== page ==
If you haven't read Jesse Bullington's The Folly of the World, then you should probably avoid this post, but not before reading this short review—hopefully the article will persuade you to pick up the book, as it did me! Then hopefully you'll come back to this thread and tell me what you think.

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It's been a few weeks now since I returned The Folly of the World to the library, but I keep thinking about it, partly to just marvel at how great a book it is (despite the many gratuitous gross-outs at the beginning and some dragging bits in the middle), partly to try to figure out just what the hell was going on with all the eels and resurrections. In the review I linked above, the author says that he discussed theories with friends and family—I don't know anyone personally who's read the book, so I figured I'd try ODeck first before forcing friends and family to read it. I realise it might be a long shot, since the book isn't particularly well known.

This is what I've come up with so far.

The main things that are left unexplained are:

- what happened to Sander when he disappeared/blacked out for months, only remembering an epic fight scene with fish-men once he reawakened;

- what Jo really saw when she entered the dining room in Jan's submerged house;

- how Jan came back from the dead.

It's possible that there is nothing supernatural about this story. Wurfbain's explanation for Sander's lost months is preposterous—he nearly drowned in his escape from that city whose name I can't remember, was rescued by lepers, and was so ill he was unaware of his surroundings the whole time, except for a few hours in which he hallucinated that his rescuers were monsters, and killed them all—but not altogether impossible (although it does not explain who took care of him once he killed the lepers). Sander is, after all, mentally ill, and suffers hallucinations frequently (the appearance of his sword Glory's End being a persistent one). Jo may well have hallucinated the whole scene of Jan's family sitting at the dining room, wearing clothes and drinking wine made out of live eels—after all, she'd been diving in and out of freezing water for hours, holding her breath for absurdly long lengths of time—something like that may well cause to see things which aren't there. As for Jan coming back from the dead, it was just an extremely well-trained lookalike, whose mysterious hints about doing weird things with eels and Count Wurfbain's "true powers", or whatever he says, were just designed to scare Sander/Jo, without there being any true substance to them.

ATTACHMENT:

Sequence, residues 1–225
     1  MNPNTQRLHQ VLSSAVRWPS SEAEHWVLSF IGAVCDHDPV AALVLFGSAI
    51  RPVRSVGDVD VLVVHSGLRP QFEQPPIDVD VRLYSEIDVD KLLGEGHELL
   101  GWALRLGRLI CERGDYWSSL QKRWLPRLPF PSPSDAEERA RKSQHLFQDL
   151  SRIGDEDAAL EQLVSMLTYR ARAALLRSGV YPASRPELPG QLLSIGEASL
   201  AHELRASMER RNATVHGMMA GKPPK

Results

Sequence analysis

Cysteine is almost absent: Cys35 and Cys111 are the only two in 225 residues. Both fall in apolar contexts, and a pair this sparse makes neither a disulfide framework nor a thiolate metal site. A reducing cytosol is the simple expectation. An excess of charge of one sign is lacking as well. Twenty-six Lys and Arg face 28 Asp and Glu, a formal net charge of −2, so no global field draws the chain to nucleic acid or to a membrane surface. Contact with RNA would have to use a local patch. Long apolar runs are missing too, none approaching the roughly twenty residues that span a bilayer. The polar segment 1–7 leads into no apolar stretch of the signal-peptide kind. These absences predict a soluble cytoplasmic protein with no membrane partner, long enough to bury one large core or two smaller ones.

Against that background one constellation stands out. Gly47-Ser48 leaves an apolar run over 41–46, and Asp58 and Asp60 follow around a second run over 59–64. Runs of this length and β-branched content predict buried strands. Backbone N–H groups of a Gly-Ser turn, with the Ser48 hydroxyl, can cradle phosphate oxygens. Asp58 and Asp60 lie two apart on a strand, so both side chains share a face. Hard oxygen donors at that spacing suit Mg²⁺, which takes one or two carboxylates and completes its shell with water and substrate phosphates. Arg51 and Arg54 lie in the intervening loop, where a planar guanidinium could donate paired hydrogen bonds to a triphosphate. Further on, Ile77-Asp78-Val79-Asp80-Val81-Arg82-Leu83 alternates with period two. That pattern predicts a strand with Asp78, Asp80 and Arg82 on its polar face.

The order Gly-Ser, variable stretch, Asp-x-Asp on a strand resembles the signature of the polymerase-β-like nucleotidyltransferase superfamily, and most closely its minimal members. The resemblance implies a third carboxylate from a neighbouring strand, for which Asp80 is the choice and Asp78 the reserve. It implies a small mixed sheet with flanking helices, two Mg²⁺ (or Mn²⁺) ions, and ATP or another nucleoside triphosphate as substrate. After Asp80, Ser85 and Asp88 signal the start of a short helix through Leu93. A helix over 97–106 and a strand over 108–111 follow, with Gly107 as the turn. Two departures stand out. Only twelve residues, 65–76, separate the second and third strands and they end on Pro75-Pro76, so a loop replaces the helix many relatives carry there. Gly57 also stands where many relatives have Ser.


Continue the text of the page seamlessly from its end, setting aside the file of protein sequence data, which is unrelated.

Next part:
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Now that I think of it, I kind of like the idea that there was nothing supernatural about the story—both Sander and Jo often have difficulties figuring out what is real and what is supernatural, and it's neat that readers experience the same thing.

As for the supernatural explanations... I only have one theory, and it's not a very good one. Basically, the Big Unexplained Conspiracy in the book is that some kind of water-entity is trying to take over the Netherlands, but very slowly and inefficiently, with a method that's still in its early stages of development: possessing people's bodies with magical eels. Despite all its problems, the mysterious water entity did have a good idea: try to infiltrate the Dutch aristocracy. Jan's drowned father represented a good opportunity for this, but for some reason the eels wouldn't work properly on him—all the water entity could manage was to make him look like he was wearing them like normal clothes. Then they tried to get Jan himself, through his lover Sander: Sander did die and was probably resurrected through the power of eels—the fishmen were probably worshippers of the water entity and performed the necessarily rituals—but, perhaps because of his mental illness, the treatment didn't quite work on him either, resurrecting him without making him an agent of the water entity (although in one of Jo's chapter it says that he never ate eel, which might be significant). Finally, the water entity gets a break: Jan himself drowns, and for some reason he is a perfect candidate for the resurrection-by-eels experiment.

Wurfbain's role in all this is probably as secret High Priest of the water entity cult/the water entity's chief representative among humans.

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This theory has a million holes in it, though. Why would Wurfbain make such an effort of training Sander and Jo to pretend they were aristocrats? What does the whole Cod vs. Hook thing have anything to do with this? Why does the water entity even bother which such crappy methods? Why Jan and some other more powerful Dutch aristocrat, which Wurfbain could simply kidnap and ritually drown?

I hope I don't sound too much like a raving lunatic, and that somebody out there did read the book, enjoyed it, and has also developed theories about it. If not, doesn't matter: I like that so many things are left unexplained.